After Walter Reed: How to Fix Military Medicine
Congress must move quickly to fix the military health care system. It should forgo finger-pointing and political point scoring in the aftermath of the revelations of shortcomings in outpatient treatment at the Walter Reed Hospital in Washington and change policy. Two principles should guide congressional action. First, America’s fighting men and women who become war casualties should get the very best medical care. Second, the problem needs to be solved immediately.
A New Policy
The military health care system appears to be overwhelmed by physical and mental illness and injury of our military personnel in combat zones. The resources to support dedicated physicians, nurses, medical technicians, and other staff appear to be stretched to their limits.
The capacity to treat the myriad injuries and illnesses related to combat, however, is not restricted to military facilities. That ability exists throughout the nation in countless settings, especially in outstanding academic health science centers. So one policy solution is obvious: Give wounded combat service personnel the ability to select the medical facility of their choice for the continuation of their care.
This policy would have two advantages. It would immediately reduce the pressure on the apparently overstressed military health care system. In addition, it would also introduce the welcome and salutary stimulus of competition for value and benefit into military medicine. When the institutions in which very capable military support staff deliver care become directly accountable to patients, conditions will improve, quality will go up, and service will get better — or the patients will go elsewhere.
Congress can give combat servicemen and women new options in a variety of ways. Two approaches appear most promising:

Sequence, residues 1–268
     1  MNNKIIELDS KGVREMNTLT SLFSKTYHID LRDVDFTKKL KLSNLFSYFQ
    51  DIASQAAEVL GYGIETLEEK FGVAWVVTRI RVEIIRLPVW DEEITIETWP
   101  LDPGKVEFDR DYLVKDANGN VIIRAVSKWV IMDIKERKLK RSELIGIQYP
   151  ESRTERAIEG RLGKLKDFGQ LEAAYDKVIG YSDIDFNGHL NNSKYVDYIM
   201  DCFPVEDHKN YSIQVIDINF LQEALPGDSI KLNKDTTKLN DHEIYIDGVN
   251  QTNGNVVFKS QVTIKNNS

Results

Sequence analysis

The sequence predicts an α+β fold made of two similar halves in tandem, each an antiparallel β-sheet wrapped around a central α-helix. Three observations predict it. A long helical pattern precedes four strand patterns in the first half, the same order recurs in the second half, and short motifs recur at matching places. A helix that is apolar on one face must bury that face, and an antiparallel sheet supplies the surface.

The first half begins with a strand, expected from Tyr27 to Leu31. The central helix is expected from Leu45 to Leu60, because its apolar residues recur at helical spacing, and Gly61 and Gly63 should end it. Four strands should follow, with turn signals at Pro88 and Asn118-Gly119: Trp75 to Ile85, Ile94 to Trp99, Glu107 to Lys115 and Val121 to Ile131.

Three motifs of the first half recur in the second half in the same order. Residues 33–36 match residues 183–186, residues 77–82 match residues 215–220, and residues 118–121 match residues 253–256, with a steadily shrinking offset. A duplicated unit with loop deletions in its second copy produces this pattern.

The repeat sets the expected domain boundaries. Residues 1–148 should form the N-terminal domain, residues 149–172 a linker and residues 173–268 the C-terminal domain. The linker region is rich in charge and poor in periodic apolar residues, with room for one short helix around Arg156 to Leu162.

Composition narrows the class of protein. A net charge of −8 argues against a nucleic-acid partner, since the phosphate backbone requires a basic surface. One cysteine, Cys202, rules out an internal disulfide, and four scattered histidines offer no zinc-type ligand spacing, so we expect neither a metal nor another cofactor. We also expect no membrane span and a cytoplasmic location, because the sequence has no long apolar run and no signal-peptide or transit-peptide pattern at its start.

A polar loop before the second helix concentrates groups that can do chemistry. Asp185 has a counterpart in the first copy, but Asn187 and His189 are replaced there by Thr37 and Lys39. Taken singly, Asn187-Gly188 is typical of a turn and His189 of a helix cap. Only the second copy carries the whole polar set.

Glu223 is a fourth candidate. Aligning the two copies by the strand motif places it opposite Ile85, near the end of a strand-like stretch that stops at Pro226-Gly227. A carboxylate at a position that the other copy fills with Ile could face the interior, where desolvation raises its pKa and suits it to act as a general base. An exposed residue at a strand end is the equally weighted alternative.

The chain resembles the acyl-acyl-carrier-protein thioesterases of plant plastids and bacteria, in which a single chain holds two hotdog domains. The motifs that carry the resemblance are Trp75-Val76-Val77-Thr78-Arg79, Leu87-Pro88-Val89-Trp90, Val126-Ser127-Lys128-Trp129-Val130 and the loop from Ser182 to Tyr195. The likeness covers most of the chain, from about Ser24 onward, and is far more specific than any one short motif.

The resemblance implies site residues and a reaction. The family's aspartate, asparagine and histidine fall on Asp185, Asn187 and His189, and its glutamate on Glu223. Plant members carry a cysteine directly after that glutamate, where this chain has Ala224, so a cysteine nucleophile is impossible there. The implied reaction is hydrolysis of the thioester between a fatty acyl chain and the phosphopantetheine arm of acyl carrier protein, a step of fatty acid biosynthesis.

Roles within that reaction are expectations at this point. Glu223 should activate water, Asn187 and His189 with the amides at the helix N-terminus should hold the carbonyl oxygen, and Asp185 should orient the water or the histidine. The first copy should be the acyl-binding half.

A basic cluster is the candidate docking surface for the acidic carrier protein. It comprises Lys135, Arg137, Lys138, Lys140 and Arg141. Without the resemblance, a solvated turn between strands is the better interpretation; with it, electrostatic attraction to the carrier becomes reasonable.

First, the Department of Defense could give academic health centers and other medical facilities around the nation the option to compete for Department of Defense payments. The providers would offer services according to a benefit payment schedule or as a complete package to manage specific types of injuries and illnesses. With a benefit payment schedule system, the government would maintain a payment schedule for a variety of services. Providers of all types would know what they would be paid for care rendered.
Second, for "packaged" care, various medical professionals could come together to offer a specific array of services as a package tailor-made to each soldier’s medical needs for an agreed-upon price. If the patient opts for that package, then the Department of Defense would pay for it. This medical case management approach would be especially valuable in areas such as limb amputation, burns, and stress disorders. Professor Regina Herzlinger of Harvard Business School, a nationally prominent health policy analyst, has outlined the enormous potential of provider organizations acting as "focused factories" to furnish this type of specialty care.
In the process of creating these options, some mixture of the two approaches could occur. For example, the package approach could apply to the most common treatments, while the benefit payment schedule would be available for unforeseen developments, such as a heart attack in a person being treated for a gunshot wound.